The ebb and flow of American political appetite: Matt's Memo

President Donald Trump (AP)

This is an amazing nation. How else can you explain the shift from Lyndon Johnson to Richard Nixon. Jimmy Carter to Ronald Reagan. George H.W. Bush to Bill Clinton. And,now Barack Obama to Donald Trump. The political party flips. The personal qualities change. The approach to leadership switches from one approach to another.

"An Oath to God and Country," is how President Obama described the commitment he made on his second inaugural in 2013. That oath is central to the continuity of American democracy. Nowhere in the oath does it demand a specific political or personal approach. When recited at midday by the 45th President of the United States it simply showed Donald Trump's commitment to handle the job to the best of his ability.

Donald Trump stood at the Capitol just a few feet from former Presidents Carter, Clinton, Bush and now Obama. The continuity of a nation could be seen on one stage reaching back nearly forty years. On the opposite side of the Capitol more than 56 years ago John F. Kennedy took the same oath before delivering his inaugural. He also was flanked by past and future Presidents including Harry Truman, Dwight Eisenhower, Lyndon Johnson and Richard Nixon. Again a group of leaders from disparate backgrounds, varying levels of charisma and a range of approach to leadership.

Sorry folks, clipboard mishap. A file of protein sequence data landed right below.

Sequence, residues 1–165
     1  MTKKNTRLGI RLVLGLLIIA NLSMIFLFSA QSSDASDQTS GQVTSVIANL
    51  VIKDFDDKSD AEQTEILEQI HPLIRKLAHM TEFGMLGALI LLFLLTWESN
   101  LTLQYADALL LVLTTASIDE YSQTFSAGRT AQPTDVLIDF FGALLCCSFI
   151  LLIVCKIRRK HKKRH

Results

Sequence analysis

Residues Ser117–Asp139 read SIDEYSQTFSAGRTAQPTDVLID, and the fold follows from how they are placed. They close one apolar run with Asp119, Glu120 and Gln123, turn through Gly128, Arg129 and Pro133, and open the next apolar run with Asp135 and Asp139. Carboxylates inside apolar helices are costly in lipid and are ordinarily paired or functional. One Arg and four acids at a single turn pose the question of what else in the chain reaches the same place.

All it takes is that view of post World War II American politics to see the changing mood and priorities of the electorate. Those who wish to express themselves in the polls turn out in greater numbers depending on their level of connection to the candidates presented. Their passion for change also reflects the marks they give the prior leader and whether they public perceives the times to be good or bad for them.

That sense of the ebb and flow of political change that is built into our democracy is the only way to explain the stark contrast between the inaugural delivered today and the one delivered four years ago. Two strong leaders with different approaches. President Obama called for inclusion and a new global view. He offered inspiring words in a cadence he solidified during his time in office. President Trump also called for inclusion, but he did so while sharply criticizing his predecessors who shared the stage. The President also called for a new global view that puts"America First" at the top of the agenda.

We do not yet know how the Trump Administration's approach will work. We do know enough of the nation had an interest in discovering the answer to elect him to office. Four years from now the country will gather again to decided on who should spend the next four years in the White House. Which appetite will rule then? One that desires a new taste. Or one that is happy with the course we are on.

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